Zvishavane rolls out prepaid water meters

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Council would roll out the prepaid water meters around July after carrying out an audit to determine the amount of water the local authority is losing through leakages.

ZVISHAVANE — Council has announced plans to roll out prepaid water meters to boost revenue collection.
The local authority has been collecting about 35 percent of its US$6,5 million budget, which has been static for the past three years.
Council is owed over US$25 million in water charges and rates by residents and commercial customers in the mining town, with Shabanie Mine being the biggest debtor owing the local authority US$10 million.
Town secretary, Tinoda Mukuti, said council would roll out the prepaid water meters around July after carrying out an audit to determine the amount of water the local authority is losing through leakages.
“We have already flighted tenders for the supply of prepaid water meters, which we want to start installing in July of this year, starting with the central business district before we move to the low density suburbs and finally the high density suburbs where comprehensive consultations will be made,” said Mukutu.
“Already, council has roped in a local consultancy firm, Zimit, which is carrying out a water audit to determine the amount of treated water council is losing to leakages. Council will be guided by the findings and this will pave way for the roll out of prepaid meters. We are also going to have a computerised system which will inform us on any pipe burst and leakages in the town,” he said.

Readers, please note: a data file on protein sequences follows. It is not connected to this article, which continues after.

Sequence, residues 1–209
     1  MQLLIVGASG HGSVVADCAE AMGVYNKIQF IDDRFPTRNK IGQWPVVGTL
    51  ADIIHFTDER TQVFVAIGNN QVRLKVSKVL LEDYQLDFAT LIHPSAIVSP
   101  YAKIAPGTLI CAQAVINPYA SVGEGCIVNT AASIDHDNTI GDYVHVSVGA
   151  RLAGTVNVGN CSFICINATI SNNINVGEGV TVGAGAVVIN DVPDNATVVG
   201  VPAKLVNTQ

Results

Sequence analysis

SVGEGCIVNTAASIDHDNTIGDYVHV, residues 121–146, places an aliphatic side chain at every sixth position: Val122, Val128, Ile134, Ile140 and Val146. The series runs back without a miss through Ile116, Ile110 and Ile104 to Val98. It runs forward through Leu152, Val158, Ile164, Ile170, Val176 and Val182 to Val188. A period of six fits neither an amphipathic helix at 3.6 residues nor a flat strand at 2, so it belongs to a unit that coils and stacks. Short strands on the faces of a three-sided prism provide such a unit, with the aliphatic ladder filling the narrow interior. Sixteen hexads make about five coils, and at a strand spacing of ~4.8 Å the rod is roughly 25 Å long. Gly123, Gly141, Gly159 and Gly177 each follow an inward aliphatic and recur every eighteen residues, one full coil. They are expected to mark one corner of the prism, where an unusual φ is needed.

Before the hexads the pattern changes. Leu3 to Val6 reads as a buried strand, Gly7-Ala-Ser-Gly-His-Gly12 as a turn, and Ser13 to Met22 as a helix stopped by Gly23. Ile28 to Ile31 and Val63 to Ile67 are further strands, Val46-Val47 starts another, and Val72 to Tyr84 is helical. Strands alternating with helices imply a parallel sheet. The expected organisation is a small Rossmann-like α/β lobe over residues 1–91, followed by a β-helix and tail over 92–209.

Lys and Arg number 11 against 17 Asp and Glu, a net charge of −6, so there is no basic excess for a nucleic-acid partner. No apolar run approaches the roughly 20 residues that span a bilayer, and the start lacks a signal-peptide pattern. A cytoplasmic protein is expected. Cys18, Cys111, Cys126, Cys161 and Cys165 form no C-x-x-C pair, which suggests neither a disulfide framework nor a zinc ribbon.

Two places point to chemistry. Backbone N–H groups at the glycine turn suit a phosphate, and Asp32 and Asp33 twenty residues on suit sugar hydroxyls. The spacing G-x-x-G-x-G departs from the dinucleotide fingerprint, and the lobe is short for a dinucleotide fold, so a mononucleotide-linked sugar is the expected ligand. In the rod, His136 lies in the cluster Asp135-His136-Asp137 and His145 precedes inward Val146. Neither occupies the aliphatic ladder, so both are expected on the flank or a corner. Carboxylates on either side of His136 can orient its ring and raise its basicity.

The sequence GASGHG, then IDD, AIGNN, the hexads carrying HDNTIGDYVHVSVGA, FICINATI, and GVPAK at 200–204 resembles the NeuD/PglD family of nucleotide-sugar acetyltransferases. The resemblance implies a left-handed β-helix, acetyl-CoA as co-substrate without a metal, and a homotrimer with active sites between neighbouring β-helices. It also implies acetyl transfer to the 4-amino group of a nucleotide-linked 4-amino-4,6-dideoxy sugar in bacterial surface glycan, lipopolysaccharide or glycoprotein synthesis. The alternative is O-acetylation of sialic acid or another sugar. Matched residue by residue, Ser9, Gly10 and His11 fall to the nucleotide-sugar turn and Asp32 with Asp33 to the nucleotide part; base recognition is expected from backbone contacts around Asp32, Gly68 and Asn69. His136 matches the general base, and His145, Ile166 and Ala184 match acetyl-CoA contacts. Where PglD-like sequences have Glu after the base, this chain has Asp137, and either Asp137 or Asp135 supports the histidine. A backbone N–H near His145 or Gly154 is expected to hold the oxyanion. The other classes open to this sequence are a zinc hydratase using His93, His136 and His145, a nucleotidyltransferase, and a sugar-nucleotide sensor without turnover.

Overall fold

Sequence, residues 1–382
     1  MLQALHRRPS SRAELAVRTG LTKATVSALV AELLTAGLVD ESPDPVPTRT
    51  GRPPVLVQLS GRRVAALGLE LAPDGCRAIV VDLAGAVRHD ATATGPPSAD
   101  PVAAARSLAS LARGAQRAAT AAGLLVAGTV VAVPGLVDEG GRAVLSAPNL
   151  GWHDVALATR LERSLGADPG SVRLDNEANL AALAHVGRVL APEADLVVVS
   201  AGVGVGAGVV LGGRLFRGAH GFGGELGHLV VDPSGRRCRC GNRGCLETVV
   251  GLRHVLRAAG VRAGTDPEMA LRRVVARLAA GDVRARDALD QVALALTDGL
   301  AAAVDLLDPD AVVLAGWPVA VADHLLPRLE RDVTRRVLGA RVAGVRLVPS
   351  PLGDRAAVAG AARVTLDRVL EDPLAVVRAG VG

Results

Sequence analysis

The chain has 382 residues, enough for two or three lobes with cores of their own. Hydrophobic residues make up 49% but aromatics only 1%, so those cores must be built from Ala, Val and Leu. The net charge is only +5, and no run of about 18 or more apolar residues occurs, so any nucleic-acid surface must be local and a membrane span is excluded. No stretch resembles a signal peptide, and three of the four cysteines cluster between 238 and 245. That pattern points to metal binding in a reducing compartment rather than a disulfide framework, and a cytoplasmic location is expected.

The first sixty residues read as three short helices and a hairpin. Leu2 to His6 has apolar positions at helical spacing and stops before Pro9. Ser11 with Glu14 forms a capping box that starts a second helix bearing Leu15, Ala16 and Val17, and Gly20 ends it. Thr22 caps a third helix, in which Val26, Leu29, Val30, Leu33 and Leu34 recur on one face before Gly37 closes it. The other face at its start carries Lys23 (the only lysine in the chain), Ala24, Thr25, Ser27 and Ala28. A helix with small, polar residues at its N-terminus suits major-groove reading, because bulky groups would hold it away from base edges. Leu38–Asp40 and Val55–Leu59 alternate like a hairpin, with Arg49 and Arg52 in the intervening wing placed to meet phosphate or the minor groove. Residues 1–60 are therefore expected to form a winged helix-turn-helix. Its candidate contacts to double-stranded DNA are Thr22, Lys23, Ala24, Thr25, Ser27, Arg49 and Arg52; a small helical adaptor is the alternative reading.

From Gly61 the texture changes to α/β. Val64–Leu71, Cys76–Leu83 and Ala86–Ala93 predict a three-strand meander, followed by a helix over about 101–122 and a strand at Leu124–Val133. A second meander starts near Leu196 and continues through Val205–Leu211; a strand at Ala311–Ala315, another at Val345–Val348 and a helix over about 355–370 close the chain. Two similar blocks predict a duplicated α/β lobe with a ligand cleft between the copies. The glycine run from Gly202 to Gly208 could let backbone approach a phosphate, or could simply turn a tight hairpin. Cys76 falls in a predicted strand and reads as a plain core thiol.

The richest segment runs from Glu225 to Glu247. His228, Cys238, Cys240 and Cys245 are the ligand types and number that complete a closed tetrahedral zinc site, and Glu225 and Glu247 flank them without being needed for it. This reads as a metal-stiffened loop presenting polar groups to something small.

He said bulk water meters would also be installed along the town’s major pipeline to account for both raw and treated water from the Ngezi Water Works so that they would be able to monitor leakages.
Recently, council revamped its water treatment works as well as its sewer reticulation system after the United Nations Children’s Emergency Fund availed a US$900 000 grant for the project.
The move to install prepaid meters is likely to meet stiff resistance from residents, most of whom are now unemployed following the closure of Shabanie Mine in 2008.
The mine employed about 5 000 people before its closure.
The unemployment situation has been exacerbated by the closure of Sabi Gold Mine, which has since been placed under judicial management.
Delta Beverages shut down its depot two years ago owing to viability challenges.
This left many families resorting to gold panning to eke out a living.
Zvishavane is not the first municipality to pursue water meters.
Nearly all the major towns and cities are engaged in heated debate with their residents over this initiative, with Harare having taken the lead about two years ago.
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